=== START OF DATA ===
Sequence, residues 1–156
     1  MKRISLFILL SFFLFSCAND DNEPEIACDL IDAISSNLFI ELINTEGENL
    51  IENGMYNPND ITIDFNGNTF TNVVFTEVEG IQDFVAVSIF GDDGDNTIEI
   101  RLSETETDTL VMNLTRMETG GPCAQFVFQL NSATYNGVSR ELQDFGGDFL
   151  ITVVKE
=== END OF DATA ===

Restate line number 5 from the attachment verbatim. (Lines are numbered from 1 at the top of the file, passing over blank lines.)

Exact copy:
   151  ITVVKE